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Seeing two individuals develop a bond and come to trust one another with their lives was one of the aspects looked forward to as alluded in earlier trailers. However, the two don’t seem to grow a recognizable bond as they spend time with one another. No jokes thrown around in combat and conversations during down time barely creates a conduit for the two to really get to know each other. Impactful dialogue shared between the two in trailers ended up being broken and scattered as one liners said here and there. The duo go through their share of disagreements but the light mincing of dialogue incurs shallow resolutions and despite Elizabeth having every reason to be angry at Booker at times she still doesn’t have a problem unlocking his doors and tossing him necessities.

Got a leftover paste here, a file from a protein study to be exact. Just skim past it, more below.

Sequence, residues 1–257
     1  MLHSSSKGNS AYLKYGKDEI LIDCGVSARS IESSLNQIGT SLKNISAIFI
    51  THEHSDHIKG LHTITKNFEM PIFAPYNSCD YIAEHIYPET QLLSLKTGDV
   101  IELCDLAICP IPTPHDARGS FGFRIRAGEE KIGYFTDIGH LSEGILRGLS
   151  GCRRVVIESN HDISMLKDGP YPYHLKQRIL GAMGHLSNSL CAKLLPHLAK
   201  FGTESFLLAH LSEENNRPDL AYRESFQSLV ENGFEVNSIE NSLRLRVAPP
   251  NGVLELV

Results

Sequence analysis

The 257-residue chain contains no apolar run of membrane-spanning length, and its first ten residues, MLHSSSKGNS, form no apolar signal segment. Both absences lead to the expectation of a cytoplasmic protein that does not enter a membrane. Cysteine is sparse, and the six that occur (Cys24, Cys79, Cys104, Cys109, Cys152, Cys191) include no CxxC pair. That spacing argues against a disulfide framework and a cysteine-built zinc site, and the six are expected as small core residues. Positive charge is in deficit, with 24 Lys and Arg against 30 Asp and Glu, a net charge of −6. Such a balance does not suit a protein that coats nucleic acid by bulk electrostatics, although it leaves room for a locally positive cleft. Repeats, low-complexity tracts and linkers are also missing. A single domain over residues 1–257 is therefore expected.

At this point, you’re already at the midsection of the game. Despite Infinite setting things up fairly well for a story you thought you were going to experience, it ends up going through extensive episodes of an identity crisis. The presumed basis of two individuals trying to find meaning in one another as they come between a mad white supremacist’s ambition and the revolt of Columbia’s minority manual laborers in the Vox Populi is suddenly shoved off to the side and Elizabeth’s origins becomes the main focus. Nothing wrong with that at all, but the pacing makes for a confusing trek of discovery where the majority of objectives has you running in full circles fighting outlandish adversaries, including the Vox Populi whom, for non-buoyant reasons, declare Booker and Elizabeth enemies. All the while, Songbird doesn’t get the spotlight promised with a half felt compensation produced towards the end.